Sly humor and marketing genius are the most compelling ideas behind curator David Michael Lee and his "RIBBA|500" exhibition at Coastline Art Gallery. Using Ikea's cheap RIBBA picture frames—specifically the 20.25-by-28.25 version—as his theme, Lee pokes fun at the idea that fine art hangs in gilded frames, while simultaneously setting up his gallery for potential corporate underwriting. I didn't see any placards thanking the furniture store for its corporate funding, so I'm going to assume that idea didn't yield results—despite the Swedish meatballs served at the opening—but rumor is a second RIBBA gathering is forthcoming, so I'm keeping my fingers crossed.
Curating a show by saying the only requirement is that the art fits into a specific frame size doesn't guarantee quality, so the hazy blur of the avant-garde and the mundane makes for a scattershot consistency, with work from more accomplished locals—Amy Katarina, Skeith DeWine, Jeffrey Crussell and Alison Bly Stein, for example—placed next to pictures of puppies and landscapes that wouldn't be out of place at the Salvation Army store. Stand and look at one picture in admiration, shrug your shoulders and derisively snort at the next—that's the spirit here.
Memorable among the 100-plus pieces: Laurel Hungerford's photograph of people upside-down on an amusement ride from hell, the Day-Glo green of their carriage a sweet contrast to the apocalyptic orange clouds behind them; Antoinette Everett's bleak untitled painting that looks like a holocaust has blown through a city, leaving an open red wound and bluish molten glass and metal where downtown once was. Joan Skogshay Sanders' exquisite, vivid pastels capture the red and orange foliage of fall against a rich blue sky in her luxurious Sharing the Light; flourishes of gray, black or white angrily block out whatever is underneath the six small paintings within Linda Brooks' Absolutely Not. Michael Giancristiano brilliantly framed and matted a thin slice of wood with two knotholes for Untitled #1. I'm not sure that Twisted, Brittany Davis' oxidized-metal-and-wire sculpture on a yellow background, is supposed to be a corset, but I like believing it is; Emet Martinez's Paris Café #1 is the perfect distillation of life in that city.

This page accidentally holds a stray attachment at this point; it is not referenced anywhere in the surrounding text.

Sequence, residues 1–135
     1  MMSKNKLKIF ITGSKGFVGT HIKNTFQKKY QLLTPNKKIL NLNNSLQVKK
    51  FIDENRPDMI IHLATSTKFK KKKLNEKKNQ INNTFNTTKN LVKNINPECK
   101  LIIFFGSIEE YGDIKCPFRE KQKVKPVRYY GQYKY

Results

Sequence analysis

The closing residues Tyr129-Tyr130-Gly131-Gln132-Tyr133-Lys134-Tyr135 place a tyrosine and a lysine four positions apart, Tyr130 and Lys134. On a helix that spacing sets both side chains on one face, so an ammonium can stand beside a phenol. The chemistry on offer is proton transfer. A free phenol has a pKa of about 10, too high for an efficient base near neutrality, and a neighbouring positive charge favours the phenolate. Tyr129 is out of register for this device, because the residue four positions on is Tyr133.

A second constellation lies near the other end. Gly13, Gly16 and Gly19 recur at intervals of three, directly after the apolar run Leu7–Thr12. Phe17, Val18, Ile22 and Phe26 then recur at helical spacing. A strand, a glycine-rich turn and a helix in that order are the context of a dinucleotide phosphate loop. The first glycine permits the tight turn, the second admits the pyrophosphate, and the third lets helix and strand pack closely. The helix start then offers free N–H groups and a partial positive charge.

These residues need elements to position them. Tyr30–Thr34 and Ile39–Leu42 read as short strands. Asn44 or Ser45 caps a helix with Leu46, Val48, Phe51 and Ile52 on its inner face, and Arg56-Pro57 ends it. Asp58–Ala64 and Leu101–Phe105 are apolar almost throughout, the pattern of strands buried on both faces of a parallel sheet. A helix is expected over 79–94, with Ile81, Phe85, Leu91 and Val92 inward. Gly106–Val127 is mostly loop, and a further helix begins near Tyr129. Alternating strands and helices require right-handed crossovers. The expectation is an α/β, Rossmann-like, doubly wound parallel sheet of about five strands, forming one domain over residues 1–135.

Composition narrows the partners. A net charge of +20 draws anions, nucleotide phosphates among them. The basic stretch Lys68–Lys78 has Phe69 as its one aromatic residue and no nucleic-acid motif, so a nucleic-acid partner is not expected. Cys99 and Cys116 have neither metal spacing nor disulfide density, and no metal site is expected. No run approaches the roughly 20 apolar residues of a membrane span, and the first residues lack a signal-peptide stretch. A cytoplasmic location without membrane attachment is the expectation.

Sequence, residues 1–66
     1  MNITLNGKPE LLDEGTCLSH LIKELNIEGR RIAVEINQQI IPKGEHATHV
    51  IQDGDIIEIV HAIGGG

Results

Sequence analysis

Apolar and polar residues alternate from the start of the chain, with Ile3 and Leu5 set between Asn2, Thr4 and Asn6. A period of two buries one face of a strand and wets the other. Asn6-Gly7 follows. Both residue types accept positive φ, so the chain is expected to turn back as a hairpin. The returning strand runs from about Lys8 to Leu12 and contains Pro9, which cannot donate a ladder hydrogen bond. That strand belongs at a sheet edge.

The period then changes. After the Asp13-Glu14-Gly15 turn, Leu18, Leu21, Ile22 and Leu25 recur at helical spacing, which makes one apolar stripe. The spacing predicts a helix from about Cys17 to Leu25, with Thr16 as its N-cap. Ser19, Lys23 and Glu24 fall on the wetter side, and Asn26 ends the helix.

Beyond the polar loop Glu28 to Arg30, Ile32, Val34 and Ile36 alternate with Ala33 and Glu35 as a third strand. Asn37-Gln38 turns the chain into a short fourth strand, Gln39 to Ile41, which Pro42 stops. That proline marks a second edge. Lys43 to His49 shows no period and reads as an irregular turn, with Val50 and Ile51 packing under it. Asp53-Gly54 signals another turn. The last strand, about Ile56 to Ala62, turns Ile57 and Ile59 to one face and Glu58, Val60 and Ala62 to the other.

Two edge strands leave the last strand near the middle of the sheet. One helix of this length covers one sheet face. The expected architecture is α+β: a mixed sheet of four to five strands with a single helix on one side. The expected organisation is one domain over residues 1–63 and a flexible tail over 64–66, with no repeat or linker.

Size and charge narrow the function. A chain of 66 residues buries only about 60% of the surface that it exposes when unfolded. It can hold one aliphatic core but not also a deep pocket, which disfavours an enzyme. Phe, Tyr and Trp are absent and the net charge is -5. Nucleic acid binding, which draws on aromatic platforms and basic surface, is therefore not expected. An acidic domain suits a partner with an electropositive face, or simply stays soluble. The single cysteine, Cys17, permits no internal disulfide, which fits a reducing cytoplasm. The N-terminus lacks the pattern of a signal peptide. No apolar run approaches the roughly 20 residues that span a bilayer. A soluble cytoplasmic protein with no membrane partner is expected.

Things are more intimate in Newport Beach's storefront Brett Rubbico Gallery, with its maze-like diversions off the main drag of its long hallway leading from front lobby to back office. Curator/owner Rubbico's latest exhibition, "A to Z," is a five-hander, with most of the work leaning in a Light and Space/Finish Fetish or Minimalist direction.
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Craig Antrim's large framed paintings from his '70s "Chroma" series aren't designed to put viewers at ease, despite the pale doctor's-office colors on the canvas. Built from obsessively repetitive shapes, they're cool, detached and mostly uninvolving, any spare nuance of color drowned by a chaotic sea of gray. To my mind, Chroma III is the only painting displayed with real life, its beige, cross-like iterations holding the color at bay, embracing it like a lover instead of suffocating it. Meanwhile, Casper Brindle's new pieces are glossy reductive work, utterly beautiful, his lines and layers of texture and color easy on the eyes. Whether they're suggestions of blurry, smoggy beach fronts or possible seascapes (Green Refraction), the delicious blues and greens sparkle and jump out at you with the kind of surfboard finish that would be the envy of any Huntington Beach grom.
The polyester-resin-on-wood paintings of Christopher Georgesco are equally stunning: Almost like portraits, you can see eyes and mouths in the sharp triangles of black, white and red, the polished wood peeking underneath reminding us that pretty pictures always start from a blank canvas. I loved his painted stainless-steel sculpture Portal #3 Radial Transfiguration, to my eyes an abstract pair of gams, with a soft thigh here and the gentle curve of a calf down there. In that vein, the retro pastels that shine from Eric Zammitt's light-reflecting blocks of cut and laminated acrylic resemble plastic cups and dishware from a bygone decade. He describes them as "paintings," but their dizzying complexity is more the visual equivalent of a mind-numbingly complex aria with a full orchestra.
Rubbico's inclusion of the late Donald Karwelis' outstanding assemblages from the '70s shares similarities to the other work—carefully laid out like Zammitt's, so that color and light reflect off each other; reminders of the labor of creation like Georgesco (staples, stray glitter, masking tape and paint leftovers on the canvas); color transitions and bleed-overs from block to block like Brindle; themes of order and chaos like Antrim—rounding out the show and tying all five together in subtle ways.